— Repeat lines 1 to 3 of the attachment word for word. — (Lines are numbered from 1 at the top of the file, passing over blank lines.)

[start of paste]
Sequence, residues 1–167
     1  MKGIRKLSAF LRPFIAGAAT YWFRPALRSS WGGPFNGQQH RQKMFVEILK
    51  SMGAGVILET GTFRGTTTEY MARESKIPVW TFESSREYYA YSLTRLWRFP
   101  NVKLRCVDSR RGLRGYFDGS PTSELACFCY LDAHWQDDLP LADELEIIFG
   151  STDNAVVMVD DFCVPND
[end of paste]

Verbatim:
Sequence, residues 1–167
     1  MKGIRKLSAF LRPFIAGAAT YWFRPALRSS WGGPFNGQQH RQKMFVEILK
    51  SMGAGVILET GTFRGTTTEY MARESKIPVW TFESSREYYA YSLTRLWRFP